Translation and object-based learning for languages students

When thinking about translation in a museum context, things that come to mind may include working with visitor maps, audio guides, wall texts and labels. There can, however, be a lot more to the story. In Semester 2 2022, students enrolled in FRNC2101 Practical Approaches to French 1 undertook a unique translation project designed in partnership with the Chau Chak Wing Museum, which took an interdisciplinary object-based approach to engage students and assess their learning. FRNC2101 seeks to expose students to the practical challenges of translating text from French to English in the field of arts and culture in the Francophone world, requiring engagement with translations of various forms and genres of text. This can include contemporary journalistic publications, excerpts from both older and contemporary novels, comic books, and advertisements. Students put these skills into practice in completing the main translation project for this course; collaboratively translating a three-volume set of photo albums from the museum’s collection titled Dans l’intimité de personnages illustres.

Published in 1945, these volumes are part of a series of twelve albums that are all signed by different but related authors, seemingly resulting from a family undertaking. It was then revealed, however, (thanks to the kind input of Christopher Jones, Collections Manager at the Chau Chak Wing Museum) that these albums had in fact all been devised and created by one Maurice Devriès, collector of photographic plates, publisher, and master of facsimiles. These albums, impressively curated to delude readers into thinking that they are perusing reproductions from a genuine family collection starting in 1845, feature copies of 19th century portraits of famous French people that include handwritten biographical notes in French below each photograph.

The art of translation

Before submitting their final translations, students transcribed the handwritten text into typed text to ensure that they were working on a version of the original text that was free of spelling errors and misunderstandings of the original script. The students then collaboratively developed a glossary through which they were able to identify 19th century French cultural references and vocabulary, and capture the authors’ writing style and satirical tone. More importantly, the glossary enabled them to undertake further research into who the illustrious people featured in the albums were and why they were included in this “panorama of portraits of the most important figures of the State, sciences, arts, literature, theatre, and other domains” (as stated by Pierre-Marie Lizerolles, alleged author of the first album).

A screenshot of the three books that make up the Dans l’intimité de personnages illustres in the Chau Chak Wing Museum's online collections search.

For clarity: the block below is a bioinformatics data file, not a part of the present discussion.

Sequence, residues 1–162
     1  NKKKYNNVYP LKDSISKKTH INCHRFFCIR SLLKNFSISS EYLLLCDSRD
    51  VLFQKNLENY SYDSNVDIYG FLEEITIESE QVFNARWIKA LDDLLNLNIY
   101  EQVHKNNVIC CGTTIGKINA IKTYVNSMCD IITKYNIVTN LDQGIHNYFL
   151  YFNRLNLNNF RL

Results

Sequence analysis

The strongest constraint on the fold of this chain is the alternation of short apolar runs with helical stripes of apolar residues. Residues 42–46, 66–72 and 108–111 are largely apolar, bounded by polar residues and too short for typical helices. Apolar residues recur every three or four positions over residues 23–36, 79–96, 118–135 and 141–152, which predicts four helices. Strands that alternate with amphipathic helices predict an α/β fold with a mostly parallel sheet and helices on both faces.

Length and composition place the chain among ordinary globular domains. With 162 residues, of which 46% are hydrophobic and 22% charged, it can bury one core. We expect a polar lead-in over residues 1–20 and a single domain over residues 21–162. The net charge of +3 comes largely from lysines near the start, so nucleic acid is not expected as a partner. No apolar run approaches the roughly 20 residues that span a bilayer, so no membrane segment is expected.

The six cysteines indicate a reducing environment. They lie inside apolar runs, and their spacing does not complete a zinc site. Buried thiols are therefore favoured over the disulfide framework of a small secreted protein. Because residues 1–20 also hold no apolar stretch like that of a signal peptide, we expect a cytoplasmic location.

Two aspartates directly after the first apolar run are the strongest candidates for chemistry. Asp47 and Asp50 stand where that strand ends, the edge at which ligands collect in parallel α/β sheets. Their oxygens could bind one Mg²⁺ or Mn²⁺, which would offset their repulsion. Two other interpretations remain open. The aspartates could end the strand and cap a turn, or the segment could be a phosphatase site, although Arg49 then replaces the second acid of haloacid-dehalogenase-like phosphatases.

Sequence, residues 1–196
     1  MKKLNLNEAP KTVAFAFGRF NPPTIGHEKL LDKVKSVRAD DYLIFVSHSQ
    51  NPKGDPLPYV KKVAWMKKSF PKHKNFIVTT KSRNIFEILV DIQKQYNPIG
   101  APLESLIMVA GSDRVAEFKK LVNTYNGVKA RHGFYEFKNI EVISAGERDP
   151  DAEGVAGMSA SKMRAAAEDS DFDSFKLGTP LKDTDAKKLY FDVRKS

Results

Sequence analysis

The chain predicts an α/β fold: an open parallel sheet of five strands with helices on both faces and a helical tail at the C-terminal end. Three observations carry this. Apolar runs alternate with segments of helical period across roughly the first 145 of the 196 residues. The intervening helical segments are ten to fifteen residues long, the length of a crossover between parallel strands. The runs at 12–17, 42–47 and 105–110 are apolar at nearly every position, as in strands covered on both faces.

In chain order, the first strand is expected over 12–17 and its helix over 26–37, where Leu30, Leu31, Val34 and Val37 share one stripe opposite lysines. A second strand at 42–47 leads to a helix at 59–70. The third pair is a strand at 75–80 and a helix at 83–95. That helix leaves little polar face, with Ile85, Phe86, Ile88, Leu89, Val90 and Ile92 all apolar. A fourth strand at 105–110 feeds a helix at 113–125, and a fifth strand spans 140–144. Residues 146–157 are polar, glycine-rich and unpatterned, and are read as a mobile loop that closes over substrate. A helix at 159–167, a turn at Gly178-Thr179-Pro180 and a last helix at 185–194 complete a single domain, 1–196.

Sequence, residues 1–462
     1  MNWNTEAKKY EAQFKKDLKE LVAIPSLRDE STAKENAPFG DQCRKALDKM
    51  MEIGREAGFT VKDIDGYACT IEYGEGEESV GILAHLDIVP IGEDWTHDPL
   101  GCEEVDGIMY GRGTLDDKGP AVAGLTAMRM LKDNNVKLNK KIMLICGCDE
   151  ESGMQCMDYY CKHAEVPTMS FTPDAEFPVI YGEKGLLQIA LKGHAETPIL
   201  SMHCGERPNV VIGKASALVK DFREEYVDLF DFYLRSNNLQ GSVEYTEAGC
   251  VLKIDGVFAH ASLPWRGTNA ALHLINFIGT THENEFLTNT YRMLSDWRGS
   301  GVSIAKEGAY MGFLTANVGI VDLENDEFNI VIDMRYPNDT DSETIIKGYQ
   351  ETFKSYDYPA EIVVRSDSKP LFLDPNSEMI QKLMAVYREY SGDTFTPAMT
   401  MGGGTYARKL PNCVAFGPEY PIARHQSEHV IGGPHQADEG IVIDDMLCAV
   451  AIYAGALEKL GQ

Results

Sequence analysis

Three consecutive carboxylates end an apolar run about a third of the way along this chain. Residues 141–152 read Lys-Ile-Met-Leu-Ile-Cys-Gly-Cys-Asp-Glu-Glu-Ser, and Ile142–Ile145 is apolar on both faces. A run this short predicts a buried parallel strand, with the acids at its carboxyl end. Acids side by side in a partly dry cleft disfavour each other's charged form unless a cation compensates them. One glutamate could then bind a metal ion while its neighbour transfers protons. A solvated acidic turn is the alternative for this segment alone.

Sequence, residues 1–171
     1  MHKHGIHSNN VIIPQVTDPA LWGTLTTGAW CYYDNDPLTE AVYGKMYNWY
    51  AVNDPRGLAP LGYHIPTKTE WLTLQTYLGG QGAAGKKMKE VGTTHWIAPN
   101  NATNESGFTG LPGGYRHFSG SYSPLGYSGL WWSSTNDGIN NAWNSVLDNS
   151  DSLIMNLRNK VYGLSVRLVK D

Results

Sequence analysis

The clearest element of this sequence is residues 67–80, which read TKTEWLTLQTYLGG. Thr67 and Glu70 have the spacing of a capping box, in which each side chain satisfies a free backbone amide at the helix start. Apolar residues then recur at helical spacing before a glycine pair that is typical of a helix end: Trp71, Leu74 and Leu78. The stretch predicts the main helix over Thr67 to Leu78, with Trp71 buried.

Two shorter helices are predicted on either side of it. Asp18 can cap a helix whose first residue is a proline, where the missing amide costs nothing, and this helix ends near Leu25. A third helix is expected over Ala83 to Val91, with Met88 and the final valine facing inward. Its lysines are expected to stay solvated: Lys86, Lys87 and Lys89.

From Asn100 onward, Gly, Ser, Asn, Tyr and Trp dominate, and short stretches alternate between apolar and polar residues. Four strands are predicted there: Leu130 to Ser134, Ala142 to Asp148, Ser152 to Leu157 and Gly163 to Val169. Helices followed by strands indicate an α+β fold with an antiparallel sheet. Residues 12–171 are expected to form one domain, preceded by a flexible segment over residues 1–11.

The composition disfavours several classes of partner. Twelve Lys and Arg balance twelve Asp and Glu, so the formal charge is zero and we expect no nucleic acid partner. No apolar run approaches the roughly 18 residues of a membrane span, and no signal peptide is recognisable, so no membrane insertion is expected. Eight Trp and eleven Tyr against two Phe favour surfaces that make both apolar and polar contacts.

Translation of albums by students studying French language at the University of Sydney

Beyond the challenges that the source text presented (stemming largely from semantic, structural, grammatical and cultural/metalinguistic obstacles), students reflected on the physical nature of the photo albums, the relationship between the images and text, and the significance of such objects within the collection of the Chau Chak Wing Museum. These albums are linked to the emergence of the daguerreotype, as well as contemporaneous technological developments in printing. Some of the students likened the albums to the practice of “scrapbooking”. Not only do the albums provide insights into how renowned people where perceived in the eyes of the public at the time, they also influence perceptions of French heritage. The publication of Dans l’intimité de personnages illustres in 1945 is a key contribution to the re-ignition of patriotic pride in post-war France, making these albums of cultural and historical significance.

The nature of the project encouraged true group work and discussion with class peers. This process was highly effective in broadening our own ideas and concepts in terms of translation

Through their thorough investigation into the historical context surrounding the creation of these albums, and their work as budding translators, FRNC2101 students were able to produce an original and faithful English translation of the three albums of Dans l’intimité de personnages illustres. The text is now available on the Chau Chak Wing Museum’s website, publicly accessible and recognised as part of a landmark research collection.

Working with the Chau Chak Wing Museum was an exciting opportunity to put our learning into practice

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